The Shadow Chancellor refused to rule out becoming interim leader during a press conference on Monday. He told FT: “It’s not going to happen because we’ll be having a majority Labour government.” Mr Corbyn has also refused to say whether he would resign as Labour leader if Boris Johnson this Thursday’s poll.
But if some opinion polls are correct in their suggestions that the 70-year-old is on course to lose two general elections in succession, Mr Corbyn could finally crumble under the pressure from some of his own party to step down.
If this did happen, the deputy leader would then fill his shoes, but the position is currently vacant after Tom Watson stepped down as an MP just before the election.
And Mr Mcdonnell has been very visible during the election campaign after taking part in 20 TV and radio interviews – more than any other colleagues.
One of his allies told the FT: “If you think who else could take that temporary role, who is there? John is probably the most likely to do the job, he’s seen as an honest broker between the various factions.” said one of his allies.
Social media users have been quick to suggest Mr McDonnell is eyeing up the top job.
Anthony Thomas wrote on Twitter: “Beware of John Mcdonnell and his plan to lead a post election leadership coup to oust Corbyn similar to the way he and Livingstone seized control of The GLC.”
Another person added: “The plan for John McDonnell to take over as Labour’s interim leader explains why there was a plot against Tom Watson this autumn.”
Mr McDonnell has spent the election campaign chairing he daily morning campaign meetings while Mr Corbyn has been touring the country giving speeches or rallies to Labour supporters.
He would also give some MPs more senior jobs, including Rebecca Long-Bailey.
She is currently shadow business secretary but could be promoted to shadow chancellor.
Laura Pidcock, shadow employment minister, and Angela Rayner, education secretary, could also be given bigger roles.
When asked whether he would resign if Labour lost the election earlier this week, Mr Corbyn said: “We put forward a positive manifesto with a fully costed programme and I am taking that message out all over the country.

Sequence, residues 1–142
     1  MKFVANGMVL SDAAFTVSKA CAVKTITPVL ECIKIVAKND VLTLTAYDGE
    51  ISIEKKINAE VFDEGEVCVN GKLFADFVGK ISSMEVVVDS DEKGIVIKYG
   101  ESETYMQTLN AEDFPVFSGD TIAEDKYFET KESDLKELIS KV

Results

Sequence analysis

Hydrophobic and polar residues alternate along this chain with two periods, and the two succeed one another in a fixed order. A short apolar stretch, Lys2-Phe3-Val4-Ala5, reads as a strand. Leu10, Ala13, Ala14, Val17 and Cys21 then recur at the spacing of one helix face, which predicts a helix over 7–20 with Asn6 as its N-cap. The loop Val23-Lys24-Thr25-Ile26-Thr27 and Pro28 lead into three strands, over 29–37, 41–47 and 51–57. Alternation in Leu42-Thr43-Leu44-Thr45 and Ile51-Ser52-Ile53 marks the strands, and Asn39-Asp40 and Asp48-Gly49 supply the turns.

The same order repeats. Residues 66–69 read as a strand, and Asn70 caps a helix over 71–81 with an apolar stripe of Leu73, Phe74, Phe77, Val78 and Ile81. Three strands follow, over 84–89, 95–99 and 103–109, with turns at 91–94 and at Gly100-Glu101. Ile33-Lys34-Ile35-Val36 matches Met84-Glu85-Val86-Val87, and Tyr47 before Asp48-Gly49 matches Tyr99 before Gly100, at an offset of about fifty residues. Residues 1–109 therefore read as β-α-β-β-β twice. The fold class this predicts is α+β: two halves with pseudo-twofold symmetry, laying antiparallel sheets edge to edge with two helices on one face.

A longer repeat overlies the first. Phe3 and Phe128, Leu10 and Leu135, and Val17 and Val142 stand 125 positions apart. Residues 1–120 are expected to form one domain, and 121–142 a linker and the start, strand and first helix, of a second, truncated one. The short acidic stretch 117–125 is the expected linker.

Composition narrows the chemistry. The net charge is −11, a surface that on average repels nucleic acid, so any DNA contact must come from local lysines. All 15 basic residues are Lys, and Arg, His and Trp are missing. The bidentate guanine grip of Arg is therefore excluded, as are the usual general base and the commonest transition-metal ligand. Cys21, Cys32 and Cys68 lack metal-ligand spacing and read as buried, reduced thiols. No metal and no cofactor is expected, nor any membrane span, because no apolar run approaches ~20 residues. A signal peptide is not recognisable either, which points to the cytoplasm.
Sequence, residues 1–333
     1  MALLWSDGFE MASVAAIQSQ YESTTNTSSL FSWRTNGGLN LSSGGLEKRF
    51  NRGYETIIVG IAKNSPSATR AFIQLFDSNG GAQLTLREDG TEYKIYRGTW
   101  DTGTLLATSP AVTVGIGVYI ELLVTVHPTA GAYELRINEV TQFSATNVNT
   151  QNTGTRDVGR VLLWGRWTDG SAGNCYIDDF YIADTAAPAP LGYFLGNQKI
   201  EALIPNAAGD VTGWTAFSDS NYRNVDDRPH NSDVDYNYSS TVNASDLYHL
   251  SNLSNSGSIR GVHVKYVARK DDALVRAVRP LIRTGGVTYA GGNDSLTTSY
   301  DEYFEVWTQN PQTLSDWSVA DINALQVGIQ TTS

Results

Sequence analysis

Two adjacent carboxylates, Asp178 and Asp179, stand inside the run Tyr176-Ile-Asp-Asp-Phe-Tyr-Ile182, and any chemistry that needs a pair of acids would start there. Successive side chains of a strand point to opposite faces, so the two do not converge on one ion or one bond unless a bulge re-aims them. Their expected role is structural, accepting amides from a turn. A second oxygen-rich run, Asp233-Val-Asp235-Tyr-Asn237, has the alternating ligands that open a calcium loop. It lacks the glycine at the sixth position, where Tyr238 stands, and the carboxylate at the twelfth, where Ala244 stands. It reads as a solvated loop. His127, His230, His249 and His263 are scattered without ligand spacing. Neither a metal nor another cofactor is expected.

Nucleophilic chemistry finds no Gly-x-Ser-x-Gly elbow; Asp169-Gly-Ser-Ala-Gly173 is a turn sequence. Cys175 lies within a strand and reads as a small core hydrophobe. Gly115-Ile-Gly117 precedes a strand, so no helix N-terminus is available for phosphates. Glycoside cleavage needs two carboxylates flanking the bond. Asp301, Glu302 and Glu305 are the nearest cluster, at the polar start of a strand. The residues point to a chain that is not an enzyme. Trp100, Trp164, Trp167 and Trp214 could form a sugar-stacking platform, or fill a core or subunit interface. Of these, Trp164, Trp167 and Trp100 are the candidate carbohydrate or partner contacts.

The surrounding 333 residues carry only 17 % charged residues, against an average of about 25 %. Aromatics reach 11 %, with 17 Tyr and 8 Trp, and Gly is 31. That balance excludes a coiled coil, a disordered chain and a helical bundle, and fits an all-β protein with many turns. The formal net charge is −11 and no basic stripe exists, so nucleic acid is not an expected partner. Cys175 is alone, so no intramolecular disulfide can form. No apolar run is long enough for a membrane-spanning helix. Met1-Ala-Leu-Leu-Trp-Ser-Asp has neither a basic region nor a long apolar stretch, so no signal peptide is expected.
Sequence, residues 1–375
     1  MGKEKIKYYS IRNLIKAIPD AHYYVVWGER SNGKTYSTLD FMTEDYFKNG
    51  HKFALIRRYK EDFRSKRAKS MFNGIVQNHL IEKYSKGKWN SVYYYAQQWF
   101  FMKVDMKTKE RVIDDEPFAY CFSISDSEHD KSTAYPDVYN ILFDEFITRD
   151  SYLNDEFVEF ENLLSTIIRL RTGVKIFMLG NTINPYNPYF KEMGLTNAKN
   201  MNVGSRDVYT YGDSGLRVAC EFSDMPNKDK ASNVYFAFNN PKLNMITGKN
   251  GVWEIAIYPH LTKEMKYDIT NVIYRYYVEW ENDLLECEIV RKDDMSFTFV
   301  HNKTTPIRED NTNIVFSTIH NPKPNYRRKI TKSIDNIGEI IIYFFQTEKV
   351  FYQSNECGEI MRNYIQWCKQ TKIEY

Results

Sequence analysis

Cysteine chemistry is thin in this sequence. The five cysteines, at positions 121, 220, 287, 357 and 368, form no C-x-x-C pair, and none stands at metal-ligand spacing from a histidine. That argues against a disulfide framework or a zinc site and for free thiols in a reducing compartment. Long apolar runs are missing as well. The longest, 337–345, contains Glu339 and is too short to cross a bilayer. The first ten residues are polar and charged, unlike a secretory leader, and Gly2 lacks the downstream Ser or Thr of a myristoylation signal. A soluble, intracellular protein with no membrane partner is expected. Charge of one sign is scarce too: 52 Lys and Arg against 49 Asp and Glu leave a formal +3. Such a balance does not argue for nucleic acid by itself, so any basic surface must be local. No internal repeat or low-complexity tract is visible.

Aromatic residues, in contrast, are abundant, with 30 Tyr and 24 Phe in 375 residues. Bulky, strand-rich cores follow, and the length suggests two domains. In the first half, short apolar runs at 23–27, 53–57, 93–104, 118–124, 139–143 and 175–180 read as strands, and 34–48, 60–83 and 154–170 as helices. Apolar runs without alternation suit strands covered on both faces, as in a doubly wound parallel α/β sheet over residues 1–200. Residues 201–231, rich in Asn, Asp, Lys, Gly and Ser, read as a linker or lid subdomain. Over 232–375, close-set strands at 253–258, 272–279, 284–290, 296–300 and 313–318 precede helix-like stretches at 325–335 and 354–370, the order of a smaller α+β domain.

“That message is getting home to people. They realise this Thursday is a straight choice: do you want to carry on with austerity and underfunding of public services or do you want a Labour government that will tax fairly to fund properly.”
Mr Corbyn was asked about shadow chancellor John McDonnell’s claim that some of Labour’s opponents “hate” the people of Britain.
“I think it is pretty clear they have a sense of contempt for the poorest working class communities across Britain.
“They have seen their local services cut because of the underfunding of local government and have seen so many people lose good jobs and end up on zero hours contracts or insecure employment. Things must change in this country.”
Mr Corbyn also said he “never commentated” on opinion polls, which some have suggested is leading to a Conservative victory.
He said: “Labour’s going to win on Thursday. I am concentrating solely on getting the message out all over Britain between now and Thursday when we can elect a Labour government.”
There have been tensions between Mr Corbyn and many of his own MPs ever since he became leader.
There was even an unsuccessful attempt to bring him down in a coup in the summer of 2016.